Training the pharma sales rep for a digital age
As every pharma company invests in digital technology to arm its sales force for more efficient prescriber engagement, MXM Health kicks off a three-part series exploring whether we are overlooking the potential of such techniques for internal training.
The way in which we communicate has changed radically over the last ten years, with the advent of social media and associated mobile technology resulting in a new generation that is used to immediate feedback and two-way communication. Within the health care space, this has dramatically impacted the way in which the pharma industry must engage with its customers, as prescribers are no longer interested in didactic product details, but instead seek interactive engagement to respond to specific information gaps.
In response, the pharmaceutical industry has rapidly adopted novel technologies that facilitate this type of interaction, such as the iPad, with these devices playing a key role in ensuring each individual prescriber can be efficiently equipped with the right data in a way that is visual and interactive.
But one component still remains at the core of this model – the sales representative. While the role may have endured, despite some scaling back, the skills required to deliver in this new environment have changed significantly.
A new role for the pharma sales representative
Today’s pharma sales representative is expected to know a lot more about their customer in order to drive more personalized interaction. No longer a simple product detail, each discussion must now be a fluid two-way conversation that meets the needs of both sides.
To achieve this, they must be well versed in:
• Segmenting and understanding the needs of their customers at an individual level.
• Engaging in two-way dialogue to understand the requirements and deliver against them, while remaining on label and compliant.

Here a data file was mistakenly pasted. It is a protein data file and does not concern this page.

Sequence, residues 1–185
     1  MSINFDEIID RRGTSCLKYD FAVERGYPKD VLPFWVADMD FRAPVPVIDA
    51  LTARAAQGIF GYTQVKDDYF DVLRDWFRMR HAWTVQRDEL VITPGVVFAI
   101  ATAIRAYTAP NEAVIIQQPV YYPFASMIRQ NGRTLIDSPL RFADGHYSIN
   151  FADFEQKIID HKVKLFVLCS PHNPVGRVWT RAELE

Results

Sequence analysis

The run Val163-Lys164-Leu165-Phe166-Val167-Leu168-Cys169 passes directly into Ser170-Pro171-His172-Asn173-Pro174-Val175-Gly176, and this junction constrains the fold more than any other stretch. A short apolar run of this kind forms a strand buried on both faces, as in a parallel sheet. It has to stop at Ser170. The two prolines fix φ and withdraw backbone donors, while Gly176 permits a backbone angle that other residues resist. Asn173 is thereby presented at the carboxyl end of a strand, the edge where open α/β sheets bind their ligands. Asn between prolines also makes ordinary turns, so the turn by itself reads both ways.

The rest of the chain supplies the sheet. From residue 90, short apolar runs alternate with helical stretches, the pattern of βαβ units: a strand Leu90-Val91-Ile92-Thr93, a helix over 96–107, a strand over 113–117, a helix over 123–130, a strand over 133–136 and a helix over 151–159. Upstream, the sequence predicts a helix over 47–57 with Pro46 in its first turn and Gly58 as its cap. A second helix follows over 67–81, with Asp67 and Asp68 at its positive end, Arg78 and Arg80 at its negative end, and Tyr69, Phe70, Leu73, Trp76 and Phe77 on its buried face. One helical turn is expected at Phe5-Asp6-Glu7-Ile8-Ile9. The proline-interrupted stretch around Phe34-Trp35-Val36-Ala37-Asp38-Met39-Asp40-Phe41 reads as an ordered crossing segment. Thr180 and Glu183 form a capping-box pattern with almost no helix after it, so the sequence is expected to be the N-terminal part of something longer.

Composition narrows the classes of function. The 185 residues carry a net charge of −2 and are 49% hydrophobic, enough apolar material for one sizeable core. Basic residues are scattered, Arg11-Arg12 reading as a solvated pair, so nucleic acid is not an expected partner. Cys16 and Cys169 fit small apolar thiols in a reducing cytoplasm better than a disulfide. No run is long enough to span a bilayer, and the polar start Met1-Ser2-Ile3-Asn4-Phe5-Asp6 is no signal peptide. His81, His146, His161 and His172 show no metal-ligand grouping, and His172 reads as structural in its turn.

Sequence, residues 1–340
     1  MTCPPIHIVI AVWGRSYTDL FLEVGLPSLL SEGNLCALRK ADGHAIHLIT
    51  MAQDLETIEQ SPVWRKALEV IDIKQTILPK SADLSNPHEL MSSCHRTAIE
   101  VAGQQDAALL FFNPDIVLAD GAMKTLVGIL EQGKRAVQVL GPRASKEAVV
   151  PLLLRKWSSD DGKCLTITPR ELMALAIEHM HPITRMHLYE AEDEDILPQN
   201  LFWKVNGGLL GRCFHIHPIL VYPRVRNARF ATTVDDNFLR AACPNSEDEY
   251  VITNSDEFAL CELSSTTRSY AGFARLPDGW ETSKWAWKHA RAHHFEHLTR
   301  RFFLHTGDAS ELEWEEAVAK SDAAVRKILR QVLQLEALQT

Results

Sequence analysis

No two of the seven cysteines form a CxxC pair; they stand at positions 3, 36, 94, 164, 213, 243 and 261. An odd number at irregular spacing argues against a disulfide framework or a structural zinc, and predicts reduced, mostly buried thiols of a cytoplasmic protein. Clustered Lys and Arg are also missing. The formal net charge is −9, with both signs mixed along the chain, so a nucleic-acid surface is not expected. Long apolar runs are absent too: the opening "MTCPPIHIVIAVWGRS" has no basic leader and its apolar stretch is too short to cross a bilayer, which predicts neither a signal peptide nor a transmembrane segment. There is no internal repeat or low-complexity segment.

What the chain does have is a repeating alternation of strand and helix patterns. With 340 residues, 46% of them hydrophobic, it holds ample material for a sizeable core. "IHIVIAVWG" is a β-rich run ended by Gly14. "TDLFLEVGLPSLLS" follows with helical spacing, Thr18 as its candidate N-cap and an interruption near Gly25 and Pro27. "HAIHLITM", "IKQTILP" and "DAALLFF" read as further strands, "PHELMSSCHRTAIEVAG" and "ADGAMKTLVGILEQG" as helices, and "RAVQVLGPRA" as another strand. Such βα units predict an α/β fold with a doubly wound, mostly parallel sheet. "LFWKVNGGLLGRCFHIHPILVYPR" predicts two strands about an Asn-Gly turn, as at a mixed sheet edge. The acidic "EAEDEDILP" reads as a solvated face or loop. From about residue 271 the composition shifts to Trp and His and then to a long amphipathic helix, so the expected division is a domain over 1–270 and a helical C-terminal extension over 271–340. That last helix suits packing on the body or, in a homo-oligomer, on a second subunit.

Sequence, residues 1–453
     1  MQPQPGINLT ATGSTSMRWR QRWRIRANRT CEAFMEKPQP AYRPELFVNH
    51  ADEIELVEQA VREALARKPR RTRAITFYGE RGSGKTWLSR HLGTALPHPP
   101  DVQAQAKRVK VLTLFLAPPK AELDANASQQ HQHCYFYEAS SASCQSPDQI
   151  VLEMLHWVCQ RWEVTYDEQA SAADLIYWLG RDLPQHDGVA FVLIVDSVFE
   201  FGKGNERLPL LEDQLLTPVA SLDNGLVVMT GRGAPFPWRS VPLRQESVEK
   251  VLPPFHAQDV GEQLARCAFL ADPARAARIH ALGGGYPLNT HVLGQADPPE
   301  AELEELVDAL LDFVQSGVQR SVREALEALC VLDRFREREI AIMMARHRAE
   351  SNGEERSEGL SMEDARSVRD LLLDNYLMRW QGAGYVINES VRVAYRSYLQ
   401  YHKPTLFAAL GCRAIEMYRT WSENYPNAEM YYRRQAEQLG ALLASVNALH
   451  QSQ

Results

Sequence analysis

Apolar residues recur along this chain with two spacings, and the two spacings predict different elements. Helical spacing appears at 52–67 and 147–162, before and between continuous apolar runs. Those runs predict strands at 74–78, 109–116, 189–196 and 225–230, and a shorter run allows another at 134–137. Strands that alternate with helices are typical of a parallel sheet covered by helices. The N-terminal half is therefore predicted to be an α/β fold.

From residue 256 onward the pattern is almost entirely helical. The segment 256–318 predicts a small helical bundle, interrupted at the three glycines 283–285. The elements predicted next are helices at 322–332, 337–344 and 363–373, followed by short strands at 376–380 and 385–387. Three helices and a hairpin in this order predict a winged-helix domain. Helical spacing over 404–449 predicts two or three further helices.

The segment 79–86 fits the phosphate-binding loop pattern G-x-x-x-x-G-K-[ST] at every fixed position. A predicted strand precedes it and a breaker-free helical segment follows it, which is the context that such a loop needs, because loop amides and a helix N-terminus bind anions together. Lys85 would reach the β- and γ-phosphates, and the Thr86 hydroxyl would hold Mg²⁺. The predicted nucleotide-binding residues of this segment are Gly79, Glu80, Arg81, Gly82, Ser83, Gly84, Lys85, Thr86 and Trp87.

• Navigating and understanding the information delivery technology at their fingertips.
• Tracking outstanding requirements and maintaining an accurate record of more complex conversations.
But perhaps the biggest change in this relationship is that the sales representative is no longer imparting a one-way brand message, but must instead be able to convey the key values of the brand as part of a story that is unique to every physician, depending on their perspective.
Articulating the clinical product characteristics is not enough – the rep must now place it in the context of the prescriber’s patients, helping them understand its role in the treatment pathway and any barriers they may come across in using it. In addition, when pieces of the story are missing, they must be able to quickly source the relevant information.
So what is the best way to provide the pharma rep with the knowledge they need to be successful within this new sales paradigm?
Adopting external digital techniques for internal training
The answer, when you step back for a moment, is staring us in the face. The whole purpose of two-way engagement with prescribers is that it is a more efficient way of imparting knowledge and driving behavioral change. So why not use exactly the same digital tools and techniques internally for training the sales force?
Rather like customer engagement, this has to be a continual process, utilizing live and remote, presentational and interactive techniques to ensure new skills and behaviors are ingrained. To do this right, we must consider learning and performance to require transforming learner Engagement into Action. Consider, for example, the different ways in which we learn, as shown in figure 1.
Traditional training (and indeed sales force engagement with prescribers) has been focused on the See and Hear components, where an ‘expert’ is conveying their knowledge via a presentation (or detail aid) to the recipient. However, new digital techniques facilitate the equally powerful two-way learning techniques where the ‘trainee’ can Do, Question, Discuss, and Teach back to others to amplify engagement with learning content. The critical step that finally drives performance results, rather than learning results, is to Do what is learned — in practice, and then with customers.